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Conversation Piece

Over the past few months I’ve been listening closely to Heathen and haven’t tired of it at all, despite some minor annoyances. Echoing many others, the interesting thing about this album is that Bowie, finally and for once, consistently makes good on closing out the amazing legacy of his golden years (1970-1980). Heathen (see a couple of…

Hitch

Christopher Hitchens, born on this day. See Christopher Buckley’s memoir in The New Yorker and Graydon Carter’s in Vanity Fair. While the virtue-signaling, cowardly and intellectually dishonest academic fetishizes white supremacy, they perversely ignore the infinitely larger and more pressing issue, that of Islamofacism. These regressive academics (many of them Jews) fulfill the role of “useful idiots”, functional to cultural Jihad. Whereas Mein Kampf has 7% of its…

Daniel Dennett’s Science of the Soul

Long write-up in The New Yorker Dennett does not believe that we are “mere things.” He thinks that we have souls, but he is certain that those souls can be explained by science. Andy ClarkCognitive scienceDaniel DennettDavid ChalmersdualismGilbert RyleMaterialismneural correlatesNeurophilosophyneurosciencePhilosophy of mindquineReligion

Meaning and Chaos

Sam Harris and Jordan Peterson take another run at a discussion and the result is far clearer and more satisfying than the first effort (I happen to think that the first podcast was not wasted time at all). Having heard Harris and Weinstein and now Harris and Peterson, I think we would be in for a treat listening…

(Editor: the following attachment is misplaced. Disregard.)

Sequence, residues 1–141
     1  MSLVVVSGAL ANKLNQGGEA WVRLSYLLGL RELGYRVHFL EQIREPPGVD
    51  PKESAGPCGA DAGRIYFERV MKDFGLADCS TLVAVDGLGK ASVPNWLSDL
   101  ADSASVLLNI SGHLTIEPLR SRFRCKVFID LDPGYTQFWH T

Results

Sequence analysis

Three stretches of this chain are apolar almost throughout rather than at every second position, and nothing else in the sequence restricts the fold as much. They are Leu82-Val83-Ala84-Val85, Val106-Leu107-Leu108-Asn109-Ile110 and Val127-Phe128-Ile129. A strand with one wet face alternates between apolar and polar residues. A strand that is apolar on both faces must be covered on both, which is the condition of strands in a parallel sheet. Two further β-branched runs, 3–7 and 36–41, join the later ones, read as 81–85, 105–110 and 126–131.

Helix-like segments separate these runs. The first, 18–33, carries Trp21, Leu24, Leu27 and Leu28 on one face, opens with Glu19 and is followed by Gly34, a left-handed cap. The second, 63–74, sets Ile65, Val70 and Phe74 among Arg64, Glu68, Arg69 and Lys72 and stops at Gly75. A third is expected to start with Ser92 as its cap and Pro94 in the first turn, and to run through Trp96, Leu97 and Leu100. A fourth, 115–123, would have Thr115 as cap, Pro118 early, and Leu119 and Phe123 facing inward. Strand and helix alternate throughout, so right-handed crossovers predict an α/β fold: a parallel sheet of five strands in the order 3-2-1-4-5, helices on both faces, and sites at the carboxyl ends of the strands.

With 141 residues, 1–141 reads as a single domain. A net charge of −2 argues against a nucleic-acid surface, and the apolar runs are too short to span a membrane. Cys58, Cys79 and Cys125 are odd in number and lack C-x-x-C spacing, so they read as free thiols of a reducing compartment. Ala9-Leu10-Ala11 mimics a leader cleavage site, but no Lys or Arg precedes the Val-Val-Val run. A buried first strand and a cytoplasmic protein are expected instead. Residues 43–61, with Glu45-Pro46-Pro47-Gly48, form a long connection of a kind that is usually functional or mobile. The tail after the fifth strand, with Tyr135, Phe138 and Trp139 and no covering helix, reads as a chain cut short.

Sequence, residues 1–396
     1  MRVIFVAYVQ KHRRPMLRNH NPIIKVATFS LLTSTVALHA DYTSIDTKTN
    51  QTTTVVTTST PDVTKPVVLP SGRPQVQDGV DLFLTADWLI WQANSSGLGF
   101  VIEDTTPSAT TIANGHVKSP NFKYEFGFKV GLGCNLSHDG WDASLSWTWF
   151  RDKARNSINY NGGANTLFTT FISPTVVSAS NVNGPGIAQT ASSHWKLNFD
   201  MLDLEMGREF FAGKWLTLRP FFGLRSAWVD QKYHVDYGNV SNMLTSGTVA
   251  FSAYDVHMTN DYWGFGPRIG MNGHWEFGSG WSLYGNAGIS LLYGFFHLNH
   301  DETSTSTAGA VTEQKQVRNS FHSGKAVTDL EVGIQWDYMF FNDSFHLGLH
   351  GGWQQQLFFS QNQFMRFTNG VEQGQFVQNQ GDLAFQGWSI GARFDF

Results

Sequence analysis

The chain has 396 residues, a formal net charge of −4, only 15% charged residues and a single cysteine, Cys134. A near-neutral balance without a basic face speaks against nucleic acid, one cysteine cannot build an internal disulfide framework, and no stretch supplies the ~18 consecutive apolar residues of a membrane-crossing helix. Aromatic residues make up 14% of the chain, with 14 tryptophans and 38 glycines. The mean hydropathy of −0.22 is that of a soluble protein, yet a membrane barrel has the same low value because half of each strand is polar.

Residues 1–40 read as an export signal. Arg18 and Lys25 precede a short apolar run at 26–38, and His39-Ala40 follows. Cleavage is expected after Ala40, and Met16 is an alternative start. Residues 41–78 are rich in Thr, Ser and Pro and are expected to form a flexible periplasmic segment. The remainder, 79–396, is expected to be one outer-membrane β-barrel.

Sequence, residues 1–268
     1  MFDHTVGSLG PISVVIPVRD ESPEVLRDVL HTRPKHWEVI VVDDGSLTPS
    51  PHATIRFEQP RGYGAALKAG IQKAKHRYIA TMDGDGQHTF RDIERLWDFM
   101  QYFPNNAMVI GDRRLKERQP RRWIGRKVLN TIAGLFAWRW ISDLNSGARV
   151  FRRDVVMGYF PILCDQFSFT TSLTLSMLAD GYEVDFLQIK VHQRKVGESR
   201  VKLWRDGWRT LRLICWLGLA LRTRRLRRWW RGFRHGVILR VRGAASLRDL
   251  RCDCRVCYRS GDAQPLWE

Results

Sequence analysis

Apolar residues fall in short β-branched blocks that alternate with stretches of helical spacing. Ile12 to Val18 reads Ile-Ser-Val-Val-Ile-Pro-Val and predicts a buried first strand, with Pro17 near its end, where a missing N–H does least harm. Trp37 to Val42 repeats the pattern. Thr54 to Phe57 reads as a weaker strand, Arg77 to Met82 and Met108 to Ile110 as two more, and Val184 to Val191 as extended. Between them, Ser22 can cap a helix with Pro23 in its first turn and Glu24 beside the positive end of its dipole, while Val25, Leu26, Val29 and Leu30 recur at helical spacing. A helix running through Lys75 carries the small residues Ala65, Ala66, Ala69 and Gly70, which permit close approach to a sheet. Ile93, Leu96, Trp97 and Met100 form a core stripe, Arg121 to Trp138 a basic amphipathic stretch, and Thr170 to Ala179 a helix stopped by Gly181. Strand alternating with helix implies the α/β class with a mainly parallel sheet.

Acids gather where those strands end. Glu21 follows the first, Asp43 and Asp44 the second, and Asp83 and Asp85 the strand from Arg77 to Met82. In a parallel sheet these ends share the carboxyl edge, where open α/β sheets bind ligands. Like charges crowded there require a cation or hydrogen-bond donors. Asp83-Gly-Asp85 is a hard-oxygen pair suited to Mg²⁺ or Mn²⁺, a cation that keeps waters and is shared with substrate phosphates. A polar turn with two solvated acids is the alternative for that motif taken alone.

Lost Tribes of Israel, Blood and History

I’ve been fascinated by Tudor Parfitt’s work for some thirty years. If ever there were someone whose life as an academic had any genuine appeal to me, it would be his. In his pursuit of knowledge for knowledge’s sake he has had a profound effect on the understanding of that paradigm puzzle case of social…

The search goes on

Nick Spencer’s The Evolution of the West: How Christianity Has Shaped Our Values warmly reviewed in The Economist. This theme was one that Walker Percy repeatedly returned to. Lurking everywhere in the secularised West is what he calls a “disenchantment with disenchantment”. People still want more than just freedom and choice. They want to belong, they want community rooted in…